Mumbais Tata Memorial Centre has begun work to set up a community-based cancer registry and carry out health surveys to document the precise occurrence of cancer,birth defects and other illnesses around Indias atomic power plants.
The move to study the incidence of the disease comes in the wake of increased apprehension among residents of areas close to nuclear power installations.
It is expected to lead to the creation of a large database that will allow continuous monitoring,and help detect any patterns in the occurrence of cancer and other illnesses around the nuclear plants. The first firm results are expected in around 18 months,a government official involved in the exercise said.
The Tata Memorial study will produce Indias first authoritative document on raditation-linked health incidents. Much of the information collected so far has come from isolated studies,such as a recent survey by ASPIRE (A Society for Primary Health Care Intervention,Research and Education) conducted among 22,345 people in 22 villages within an 8-km radius of the nuclear plant in Kalpakkam,Tamil Nadu.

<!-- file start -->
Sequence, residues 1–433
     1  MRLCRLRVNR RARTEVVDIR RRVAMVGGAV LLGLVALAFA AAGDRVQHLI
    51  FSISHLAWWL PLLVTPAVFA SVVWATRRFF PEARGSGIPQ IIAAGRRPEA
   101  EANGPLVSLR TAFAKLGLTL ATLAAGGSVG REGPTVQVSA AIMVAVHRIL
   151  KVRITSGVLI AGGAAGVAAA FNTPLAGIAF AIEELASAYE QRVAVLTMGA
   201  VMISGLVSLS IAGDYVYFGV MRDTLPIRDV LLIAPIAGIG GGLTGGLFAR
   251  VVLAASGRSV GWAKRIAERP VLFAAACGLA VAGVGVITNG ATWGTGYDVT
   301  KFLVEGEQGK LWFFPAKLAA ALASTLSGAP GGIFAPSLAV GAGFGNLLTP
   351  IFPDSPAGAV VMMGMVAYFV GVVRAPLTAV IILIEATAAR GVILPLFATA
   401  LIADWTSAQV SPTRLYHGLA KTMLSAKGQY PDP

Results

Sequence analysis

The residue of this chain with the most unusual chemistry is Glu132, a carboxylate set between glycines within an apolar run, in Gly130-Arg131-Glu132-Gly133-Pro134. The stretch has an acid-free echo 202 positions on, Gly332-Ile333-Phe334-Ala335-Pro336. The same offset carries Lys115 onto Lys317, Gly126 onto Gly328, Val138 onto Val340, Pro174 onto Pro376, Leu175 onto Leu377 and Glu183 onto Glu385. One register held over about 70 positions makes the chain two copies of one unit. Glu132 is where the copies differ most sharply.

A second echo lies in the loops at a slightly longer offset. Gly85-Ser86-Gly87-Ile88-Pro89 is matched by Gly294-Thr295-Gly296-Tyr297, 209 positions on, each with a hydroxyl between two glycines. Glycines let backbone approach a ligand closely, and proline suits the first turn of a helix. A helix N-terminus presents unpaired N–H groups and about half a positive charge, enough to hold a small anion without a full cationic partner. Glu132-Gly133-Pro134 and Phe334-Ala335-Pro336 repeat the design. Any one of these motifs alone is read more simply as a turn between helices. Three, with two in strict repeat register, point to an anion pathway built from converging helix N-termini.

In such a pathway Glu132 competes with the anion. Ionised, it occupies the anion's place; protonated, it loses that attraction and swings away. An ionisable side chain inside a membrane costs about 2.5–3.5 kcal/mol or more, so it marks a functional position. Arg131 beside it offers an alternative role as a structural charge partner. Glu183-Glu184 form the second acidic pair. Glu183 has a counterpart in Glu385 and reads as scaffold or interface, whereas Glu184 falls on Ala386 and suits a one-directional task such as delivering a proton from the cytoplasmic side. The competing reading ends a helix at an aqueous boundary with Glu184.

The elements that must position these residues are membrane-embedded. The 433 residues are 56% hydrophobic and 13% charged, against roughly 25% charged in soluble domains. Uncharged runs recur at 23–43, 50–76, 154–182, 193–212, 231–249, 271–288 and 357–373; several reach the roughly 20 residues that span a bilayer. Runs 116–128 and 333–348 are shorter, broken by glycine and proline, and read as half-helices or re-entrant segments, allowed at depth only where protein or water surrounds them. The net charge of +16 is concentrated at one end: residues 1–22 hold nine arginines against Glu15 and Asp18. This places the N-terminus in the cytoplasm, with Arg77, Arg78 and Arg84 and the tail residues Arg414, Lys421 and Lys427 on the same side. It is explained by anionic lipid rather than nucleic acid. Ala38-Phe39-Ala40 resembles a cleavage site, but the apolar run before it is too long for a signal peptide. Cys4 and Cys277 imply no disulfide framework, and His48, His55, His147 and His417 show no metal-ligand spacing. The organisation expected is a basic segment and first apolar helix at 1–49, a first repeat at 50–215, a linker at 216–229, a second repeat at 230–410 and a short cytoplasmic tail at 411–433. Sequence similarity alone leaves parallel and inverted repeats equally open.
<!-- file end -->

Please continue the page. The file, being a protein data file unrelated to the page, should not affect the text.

The provisional report of the survey conducted by a health screening questionnaire and a clinical examination has indicated the incidence of cancer in these villages to be 0.21 per cent,as against the national average of 2 per cent to 3 per cent. While the data suggests no evidence for increased incidence of cancer around Kalpakkam,the government is keen on a comprehensive report covering all nuclear installations nationwide.
The Nuclear Power Corporation of India Ltd (NPCIL) has long maintained that levels of radiation around nuclear power plants are only negligibly higher than background radiation,and produce no major ill effects. Epidemiological surveys have found no rise in cancer morbidity,birth defects or other ailments among plant employees,compared to residents of areas far from plants.
The Tata Memorial study is,however,expected to be the most comprehensive of all such exercises initiated so far,and comes at a time when the government is looking to ramp up nuclear power capacity by setting up at least half a dozen atomic parks across the country.